Choctaw hog is a variety of domestic pig found in the United States. The pig was originally reared by the Native Americans especially for its meat. Currently, there are only a few hundred members left and are labeled as critically rare. The breed is mostly confined in the Choctaw Nation of Oklahoma.
|Characteristics||Presence of fleshy wattles on both sides of the neck among many members; legs are long and forequarters are heavier than the rear portion; erect to somewhat drooping ears|
|Personality Traits||Aggressive, fast and athletic|
|Color||Black, occasionally with white markings|
|Weight||Around 120 lbs|
|Conservation Status||Critically Rare Breed|
|Country of Origin||United States|
History and Development
The breed has its roots in the livestock carried by Spaniards to the Americas in the 16th century. The animal has been used for more than three hundred years not only by the Native Americans but, also by the European settlers and other peoples down the ages. During the early 19th century, the Choctaw people migrated to Oklahoma from the extreme south and they also carried their livestock with them. In 1830, five civilized tribes were evicted by the United States Government from Mississippi and Alabama, forcing them to travel to Oklahoma. They too carried their livestock which increased the hog population in Oklahoma. Today’s Choctaw hog descended from the Oklahoma pig with very little changes in appearance over the years.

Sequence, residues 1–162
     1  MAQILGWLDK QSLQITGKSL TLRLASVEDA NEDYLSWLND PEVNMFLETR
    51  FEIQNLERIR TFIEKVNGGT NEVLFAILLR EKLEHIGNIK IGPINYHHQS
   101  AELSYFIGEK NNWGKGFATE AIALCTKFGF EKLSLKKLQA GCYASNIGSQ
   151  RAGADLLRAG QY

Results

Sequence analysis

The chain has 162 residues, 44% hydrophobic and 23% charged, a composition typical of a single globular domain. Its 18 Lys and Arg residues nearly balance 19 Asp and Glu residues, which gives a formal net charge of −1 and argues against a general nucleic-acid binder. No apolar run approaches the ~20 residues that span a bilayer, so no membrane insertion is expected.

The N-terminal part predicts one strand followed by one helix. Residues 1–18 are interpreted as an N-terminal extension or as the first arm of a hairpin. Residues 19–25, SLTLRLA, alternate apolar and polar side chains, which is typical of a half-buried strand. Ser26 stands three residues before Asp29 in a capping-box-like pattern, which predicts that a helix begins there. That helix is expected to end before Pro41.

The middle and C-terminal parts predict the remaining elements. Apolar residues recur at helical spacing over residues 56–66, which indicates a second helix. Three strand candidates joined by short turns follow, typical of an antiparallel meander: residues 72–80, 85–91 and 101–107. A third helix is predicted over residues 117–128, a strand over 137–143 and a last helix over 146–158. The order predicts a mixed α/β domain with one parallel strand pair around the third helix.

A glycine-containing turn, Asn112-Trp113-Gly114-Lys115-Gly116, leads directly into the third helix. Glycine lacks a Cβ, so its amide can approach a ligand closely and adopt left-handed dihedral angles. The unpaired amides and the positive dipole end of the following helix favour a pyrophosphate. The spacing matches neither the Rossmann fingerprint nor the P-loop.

The American Livestock Breeds Conservancy has called for urgent measures to save the species from extinction. Modern agricultural practices are focusing on specialized breeds which give maximum output, resulting in diminishing demand and popularity of traditional breeds like Choctaw. Economic changes and downturn also contributed towards the breed’s dwindling numbers as industrial breeds grow faster than the traditional breeds and as a result, the prices of the traditional breeds soar up causing lesser demand for the product. As consumers are more inclined to buy cheaper items, the demand for traditional varieties falls, resulting in lesser breeding of the animals. The present status is not very promising as only a handful of farmers in southeastern Oklahoma raise the breed’s entire stock.
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